The authors of the paper have devised a paediatric procedural sedation curriculum, which was piloted at John F. Kennedy Hospital in Monrovia, Liberia. The pilot curriculum focuses solely on the use of ketamine, as it is cheap, widely available in Africa, has multiple routes of administration and is safe for use in children. The curriculum also allows for a single-practitioner method of procedural sedation, which is key in LMIC where there are limited number of health providers compared to the patient load. The curriculum is divided in three 2-hour sessions which consist of (1) introduction to procedural sedation, (2) resuscitation and management of adverse effect, and (3) monitoring and conclusion. All required teaching supplies were restricted to printed handouts, poster paper, markers and low-fidelity simulation equipment, thus eliminating the need for computers, software and electricity. Participants of this curriculum were 15 paediatric and surgical residents.

Clinically relevant bottom line

I was  fascinated with how the authors came up with this pilot curriculum for the Liberian hospital. Not only did they have to think about the costs of the individual piece of equipment in the sedation kit, but they also took into consideration the variable availability of electricity, the type of possible monitoring during sedation, and the scarcity of personnel. Too often we forget how lucky we are to have access to so many resources! The rollout of safe and routine paediatric procedural sedation is ongoing in Liberia and this is an initial step toward enabling safe procedural sedation for children living in LMIC.

Reviewed by: Jennifer Moon


Article 4: Supporting parents to CEASE smoking

Nabi-Burza E, Drehmer JE, Hipple Walters B, et al. Treating Parents for Tobacco Use in the Pediatric Setting: The Clinical Effort Against Secondhand Smoke Exposure Cluster Randomized Clinical Trial. JAMA Pediatr. Published online August 12, 2019. doi:10.1001/jamapediatrics.2019.2639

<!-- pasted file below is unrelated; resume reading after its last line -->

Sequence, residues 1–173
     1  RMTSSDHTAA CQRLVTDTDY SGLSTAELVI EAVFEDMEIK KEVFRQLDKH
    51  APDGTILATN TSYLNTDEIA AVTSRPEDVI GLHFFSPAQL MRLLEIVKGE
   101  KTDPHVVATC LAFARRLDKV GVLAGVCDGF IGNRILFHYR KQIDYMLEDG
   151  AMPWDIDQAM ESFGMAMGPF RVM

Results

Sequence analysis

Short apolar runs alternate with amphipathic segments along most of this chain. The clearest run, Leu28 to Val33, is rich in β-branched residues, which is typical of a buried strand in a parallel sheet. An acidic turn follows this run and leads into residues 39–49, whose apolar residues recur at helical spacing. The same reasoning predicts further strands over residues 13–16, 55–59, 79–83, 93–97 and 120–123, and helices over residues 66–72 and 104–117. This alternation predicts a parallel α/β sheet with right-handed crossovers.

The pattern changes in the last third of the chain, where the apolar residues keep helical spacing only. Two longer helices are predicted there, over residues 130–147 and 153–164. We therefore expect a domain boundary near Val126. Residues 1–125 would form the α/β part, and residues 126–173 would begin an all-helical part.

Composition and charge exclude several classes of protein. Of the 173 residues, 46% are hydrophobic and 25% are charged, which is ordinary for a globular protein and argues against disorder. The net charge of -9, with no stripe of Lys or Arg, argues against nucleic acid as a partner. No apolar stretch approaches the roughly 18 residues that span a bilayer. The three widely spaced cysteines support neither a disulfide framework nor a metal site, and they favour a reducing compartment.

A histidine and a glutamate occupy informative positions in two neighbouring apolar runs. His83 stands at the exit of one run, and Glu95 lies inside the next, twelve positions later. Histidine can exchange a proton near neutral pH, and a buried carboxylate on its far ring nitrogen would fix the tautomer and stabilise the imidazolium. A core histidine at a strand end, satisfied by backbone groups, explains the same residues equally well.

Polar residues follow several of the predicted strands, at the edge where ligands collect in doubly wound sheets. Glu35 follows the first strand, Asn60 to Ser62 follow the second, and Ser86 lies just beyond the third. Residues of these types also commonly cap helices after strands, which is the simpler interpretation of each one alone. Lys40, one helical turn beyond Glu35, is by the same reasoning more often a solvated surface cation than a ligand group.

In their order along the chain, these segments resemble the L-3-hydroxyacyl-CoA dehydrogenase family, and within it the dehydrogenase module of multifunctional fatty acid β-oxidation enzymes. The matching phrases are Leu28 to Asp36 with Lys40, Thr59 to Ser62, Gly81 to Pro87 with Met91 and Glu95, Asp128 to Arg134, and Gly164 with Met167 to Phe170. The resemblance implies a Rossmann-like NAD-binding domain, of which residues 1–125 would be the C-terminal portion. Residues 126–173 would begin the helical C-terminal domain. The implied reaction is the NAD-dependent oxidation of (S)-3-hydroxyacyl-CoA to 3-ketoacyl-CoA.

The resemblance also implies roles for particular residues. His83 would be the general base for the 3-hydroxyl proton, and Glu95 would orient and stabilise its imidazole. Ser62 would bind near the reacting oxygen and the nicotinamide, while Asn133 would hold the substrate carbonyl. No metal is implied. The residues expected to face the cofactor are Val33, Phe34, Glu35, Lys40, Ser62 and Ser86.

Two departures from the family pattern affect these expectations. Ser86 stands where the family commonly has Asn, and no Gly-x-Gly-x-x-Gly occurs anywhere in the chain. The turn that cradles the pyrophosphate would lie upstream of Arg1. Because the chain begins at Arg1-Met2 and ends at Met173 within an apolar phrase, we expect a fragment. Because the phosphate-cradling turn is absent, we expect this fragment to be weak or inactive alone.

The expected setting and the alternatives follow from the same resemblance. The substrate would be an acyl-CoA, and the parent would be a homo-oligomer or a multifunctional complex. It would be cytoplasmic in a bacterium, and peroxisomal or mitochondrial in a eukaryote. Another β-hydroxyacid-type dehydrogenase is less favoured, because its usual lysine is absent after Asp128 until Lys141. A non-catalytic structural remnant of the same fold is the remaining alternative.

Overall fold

Why does it matter?

Exposure of children to secondhand and even thirdhand smoke (from toxins absorbed in clothing, carseats) is a serious public health issue. Smoke from cigarette smoke contains about 4000 chemicals, over 50 of which are known carcinogens. Second hand smoke increases the risk of children having SIDS, ear and respiratory infections, asthma exacerbations and teeth problems.

What’s it about?
The CEASE intervention (Clinical Effort Against Secondhand Smoke Exposure Cluster Randomized Clinical Trial) was developed between the AAP  and Massachusetts Tobacco Cessation and Prevention Program, and the Massachusetts General Hospital Center for Child and Adolescent Health Research and Policy. It focuses on 3 of the 5 As of tobacco cessation – Ask, Assist and Arrange Follow Up.

In this cluster RCT study run by the AAP, the CEASE intervention was delivered in paediatric clinics in 5 American states. The CEASE intervention included a smart tablet questionnaire, educational pamphlets and aids and training for staff to help screen for tobacco use and offer treatment to parents. Treatments were referral to a Quitline and/or provision of nicotine replacement therapy.